WASHINGTON (Reuters) – Television industry executives have tentatively agreed to a ratings system that will categorize programs based on their appropriateness for children of various ages, the Washington Post reports today.
Viewers would begin seeing the ratings on almost all entertainment programs starting next month, according to the paper. It added that the industry’s plans will be formally announced before Christmas.
Unidentified executives are quoted as saying that the system will be loosely based on the broad categories used by the Motion Picture Assn. of America for rating movies.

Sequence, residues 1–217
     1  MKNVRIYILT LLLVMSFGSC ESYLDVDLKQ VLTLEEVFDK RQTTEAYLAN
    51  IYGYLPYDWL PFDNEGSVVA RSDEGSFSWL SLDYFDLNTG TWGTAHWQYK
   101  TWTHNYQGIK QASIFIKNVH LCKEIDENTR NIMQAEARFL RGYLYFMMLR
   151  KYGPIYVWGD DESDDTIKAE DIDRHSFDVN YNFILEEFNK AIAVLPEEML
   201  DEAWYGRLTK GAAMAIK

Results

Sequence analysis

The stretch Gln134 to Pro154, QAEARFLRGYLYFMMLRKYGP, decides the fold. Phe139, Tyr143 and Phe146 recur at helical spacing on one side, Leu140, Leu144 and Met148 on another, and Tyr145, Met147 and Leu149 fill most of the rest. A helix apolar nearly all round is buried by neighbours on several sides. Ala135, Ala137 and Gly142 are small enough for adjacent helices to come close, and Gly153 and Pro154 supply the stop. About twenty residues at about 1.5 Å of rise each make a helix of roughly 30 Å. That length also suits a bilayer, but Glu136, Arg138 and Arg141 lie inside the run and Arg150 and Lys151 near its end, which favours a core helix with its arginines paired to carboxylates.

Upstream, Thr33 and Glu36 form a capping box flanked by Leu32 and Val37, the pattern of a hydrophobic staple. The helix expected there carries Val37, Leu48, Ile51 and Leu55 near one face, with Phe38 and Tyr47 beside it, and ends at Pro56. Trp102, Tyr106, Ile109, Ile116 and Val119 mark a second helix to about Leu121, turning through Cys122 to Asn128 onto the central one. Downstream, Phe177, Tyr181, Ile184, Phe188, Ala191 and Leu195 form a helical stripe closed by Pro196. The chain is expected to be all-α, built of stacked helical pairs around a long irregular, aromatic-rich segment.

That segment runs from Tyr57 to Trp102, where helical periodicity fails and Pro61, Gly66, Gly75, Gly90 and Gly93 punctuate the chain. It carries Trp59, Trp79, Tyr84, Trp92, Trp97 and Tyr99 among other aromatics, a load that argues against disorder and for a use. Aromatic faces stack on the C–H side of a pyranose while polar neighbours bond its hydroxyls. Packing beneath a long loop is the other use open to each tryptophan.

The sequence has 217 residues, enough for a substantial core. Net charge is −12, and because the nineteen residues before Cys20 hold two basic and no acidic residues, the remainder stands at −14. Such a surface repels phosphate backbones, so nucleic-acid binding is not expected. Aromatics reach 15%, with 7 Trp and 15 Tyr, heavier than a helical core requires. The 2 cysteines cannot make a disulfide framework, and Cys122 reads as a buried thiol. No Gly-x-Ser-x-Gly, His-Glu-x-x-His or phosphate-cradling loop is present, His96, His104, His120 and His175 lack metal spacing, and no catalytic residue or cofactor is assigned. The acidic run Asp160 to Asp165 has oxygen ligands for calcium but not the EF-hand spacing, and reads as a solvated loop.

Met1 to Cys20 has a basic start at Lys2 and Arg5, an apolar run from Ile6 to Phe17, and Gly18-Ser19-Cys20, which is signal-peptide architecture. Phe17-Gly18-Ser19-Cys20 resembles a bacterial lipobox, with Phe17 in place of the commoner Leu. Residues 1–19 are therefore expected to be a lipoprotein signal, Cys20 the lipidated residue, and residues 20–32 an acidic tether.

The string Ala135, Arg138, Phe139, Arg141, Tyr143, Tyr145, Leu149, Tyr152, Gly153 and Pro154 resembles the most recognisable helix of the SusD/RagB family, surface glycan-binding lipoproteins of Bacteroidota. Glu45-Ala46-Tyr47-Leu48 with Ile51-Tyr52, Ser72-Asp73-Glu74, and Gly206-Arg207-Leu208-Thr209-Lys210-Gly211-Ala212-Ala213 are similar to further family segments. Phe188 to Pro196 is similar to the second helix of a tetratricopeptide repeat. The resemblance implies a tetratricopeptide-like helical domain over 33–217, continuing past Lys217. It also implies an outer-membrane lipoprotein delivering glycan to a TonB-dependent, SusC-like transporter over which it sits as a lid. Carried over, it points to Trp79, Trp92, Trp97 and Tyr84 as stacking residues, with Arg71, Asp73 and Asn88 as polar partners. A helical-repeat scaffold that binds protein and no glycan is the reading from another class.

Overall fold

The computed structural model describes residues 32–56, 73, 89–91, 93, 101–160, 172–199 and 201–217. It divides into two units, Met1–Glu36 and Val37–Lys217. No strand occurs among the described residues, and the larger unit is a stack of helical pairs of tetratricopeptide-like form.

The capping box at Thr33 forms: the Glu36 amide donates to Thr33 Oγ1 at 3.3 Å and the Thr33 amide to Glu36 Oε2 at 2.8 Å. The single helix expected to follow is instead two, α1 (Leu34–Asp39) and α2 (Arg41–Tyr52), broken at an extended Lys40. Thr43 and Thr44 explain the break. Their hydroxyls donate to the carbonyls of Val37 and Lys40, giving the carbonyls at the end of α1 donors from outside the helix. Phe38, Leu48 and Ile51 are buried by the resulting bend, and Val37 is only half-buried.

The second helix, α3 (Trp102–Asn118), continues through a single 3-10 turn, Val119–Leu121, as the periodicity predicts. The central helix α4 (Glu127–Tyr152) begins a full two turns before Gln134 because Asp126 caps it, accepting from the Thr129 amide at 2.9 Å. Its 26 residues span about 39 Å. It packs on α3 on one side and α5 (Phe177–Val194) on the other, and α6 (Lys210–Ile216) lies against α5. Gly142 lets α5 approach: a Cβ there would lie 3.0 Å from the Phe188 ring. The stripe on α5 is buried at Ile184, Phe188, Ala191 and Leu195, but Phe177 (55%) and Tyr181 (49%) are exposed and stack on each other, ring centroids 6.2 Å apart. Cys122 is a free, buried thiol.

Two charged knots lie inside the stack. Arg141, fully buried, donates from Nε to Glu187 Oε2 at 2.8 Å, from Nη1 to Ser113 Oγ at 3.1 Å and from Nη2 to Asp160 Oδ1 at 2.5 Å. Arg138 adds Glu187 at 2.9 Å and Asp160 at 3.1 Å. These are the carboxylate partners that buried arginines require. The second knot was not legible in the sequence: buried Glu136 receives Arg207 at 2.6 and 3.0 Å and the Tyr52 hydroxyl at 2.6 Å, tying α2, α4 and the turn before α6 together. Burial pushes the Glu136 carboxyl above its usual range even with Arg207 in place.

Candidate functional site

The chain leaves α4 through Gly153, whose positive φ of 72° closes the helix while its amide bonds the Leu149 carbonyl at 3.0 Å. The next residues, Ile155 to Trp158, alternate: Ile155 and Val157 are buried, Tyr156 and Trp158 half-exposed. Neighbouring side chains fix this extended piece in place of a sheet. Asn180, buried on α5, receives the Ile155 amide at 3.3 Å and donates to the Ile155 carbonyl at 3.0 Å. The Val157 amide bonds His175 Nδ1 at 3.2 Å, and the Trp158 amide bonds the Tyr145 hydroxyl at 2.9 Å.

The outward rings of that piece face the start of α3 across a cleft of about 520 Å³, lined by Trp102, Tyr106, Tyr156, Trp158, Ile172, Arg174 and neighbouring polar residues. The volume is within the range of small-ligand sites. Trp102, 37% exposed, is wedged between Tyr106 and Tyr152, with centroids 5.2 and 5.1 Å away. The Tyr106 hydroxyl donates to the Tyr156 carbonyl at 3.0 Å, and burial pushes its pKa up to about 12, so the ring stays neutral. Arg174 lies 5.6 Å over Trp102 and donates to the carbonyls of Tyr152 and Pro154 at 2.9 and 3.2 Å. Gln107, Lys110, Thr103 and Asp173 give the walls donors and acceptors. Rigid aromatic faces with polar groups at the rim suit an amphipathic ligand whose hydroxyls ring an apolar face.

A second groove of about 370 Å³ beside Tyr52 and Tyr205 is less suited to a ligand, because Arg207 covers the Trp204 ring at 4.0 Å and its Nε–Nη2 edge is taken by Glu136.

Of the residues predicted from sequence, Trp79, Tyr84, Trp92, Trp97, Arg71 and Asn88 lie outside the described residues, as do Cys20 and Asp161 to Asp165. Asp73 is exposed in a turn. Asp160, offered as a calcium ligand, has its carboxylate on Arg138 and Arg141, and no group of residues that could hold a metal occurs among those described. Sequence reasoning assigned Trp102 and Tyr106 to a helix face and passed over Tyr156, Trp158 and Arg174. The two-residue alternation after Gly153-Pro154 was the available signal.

The MPAA uses letters and numbers to indicate a movie’s suitability for young people – G, PG, PG-13, R, NC-17.
Members of the ratings development group told the Post they chose the MPAA system as a model because it is simple and familiar to parents.
They rejected plans from educators, children’s advocates and some TV producers, who proposed that the ratings derive from content – say, S for sexually oriented material, V for violence and L for coarse language.